For about five years in a row, maybe longer, I had an easy column for this site about this time of year.
Obviously it's the calm before the training camp storm, but I always found a day to vent on what I viewed to be a travesty in sports.
But that changed last year. Drew Pearson finally made it into the Ring of Honor. It was a great thing for Drew and certainly long overdue.
So now what? Who should I turn my attention to now? Obviously there isn't a player – at least in my opinion – that has been snubbed for the Ring of Honor for so long like Pearson. But it's always a good debate. Who should be the next one in the Ring of Honor?
I've asked Dallascowboys.com football analyst Bryan Broaddus to weigh in with his thoughts and we differ on who we think the next guy should be.
Since Jerry Jones took over the one-man committee for the Ring of Honor, he's jumped around from different eras over the years. He's gone way back and put in the players like Rayfield Wright, Bob Hayes and now Pearson. He was quick to put in the Triplets of Irvin, Aikman and Smith.
But last year, instead of giving Pearson his own day (which I think he deserved but since it had already been 30 years, you take what you can get), he added the lieks of Charles Haley and Larry Allen.
Allen . . . no brainer, he's in. For Haley, it was interesting considering many people think of him as a 49er and he only played five years in Dallas. Either way, we can't deny what Haley meant for the team all those years. When he got there in 1992, the team took off. I'm not sure he was the ultimate missing piece for that team, but he certainly gave them a defensive presence and attitude that was missing.
But if Haley is in, then Darren Woodson can't be far behind.
No, he wasn't Troy, Emmitt, Michael, Novacek, Moose, Haley or Deion. He wasn't flashy with a creative nickname.
But "Woody" was the ass-kicker on that defense. He didn't just dominate opposing teams, but he led that defense as well. Even when Deion Sanders arrived, Woodson continued his leadership role and carried it for more than 12 years.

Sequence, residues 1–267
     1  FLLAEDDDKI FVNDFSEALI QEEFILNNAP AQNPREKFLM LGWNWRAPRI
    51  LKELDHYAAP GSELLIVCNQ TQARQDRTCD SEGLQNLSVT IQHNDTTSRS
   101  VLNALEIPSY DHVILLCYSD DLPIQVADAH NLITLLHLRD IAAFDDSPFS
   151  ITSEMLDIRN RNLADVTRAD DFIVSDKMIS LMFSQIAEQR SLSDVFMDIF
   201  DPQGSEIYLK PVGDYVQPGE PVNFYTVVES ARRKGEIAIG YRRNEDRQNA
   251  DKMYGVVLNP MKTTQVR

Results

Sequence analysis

A five-time Pro Bowler, Woodson deserves the Ring of Honor for several reasons.
1) He was one of the best defensive players, and the vocal leader, for a team that won three Super Bowls in four years and was the proclaimed the team of the 90s.
2) When it comes to being the best at this position, Woodson earned five Pro Bowls during his career. From 1992-2003, the only one other safety had more (Steve Atwater 6).
3) From the safety position, he had the rare ability to cover the slot, a position only the quickest and shiftiest cornerbacks play in today's game.
4) He's the all-time leading tackler in Cowboys history with 1,350.
Let's focus on No. 4. I'm sure Mr. Broaddus will be using that argument for Martin, considering he is the Cowboys' all-time leader in sacks. And rightfully so.
But that many tackles suggests a physical presence and we all know Woodson played with one. When you think of a safety making that many tackles, one could assume it was on a defense that gave up a lot of big plays.
Over Woodson's career, he did play on some poor teams in the early 2000's, but for the most part, he was a leader for winning teams, having played in 16 playoff games in his career.
By no means am I saying that Harvey Martin is not deserving of the Ring of Honor. But based on the players who have already made it, including five of Woodson's teammates, I think he meant more for those defensive teams than Martin, who was a big part of a Doomsday defense that had several other talented players.
Since we're talking about the next guy up …. Give me Darren Woodson.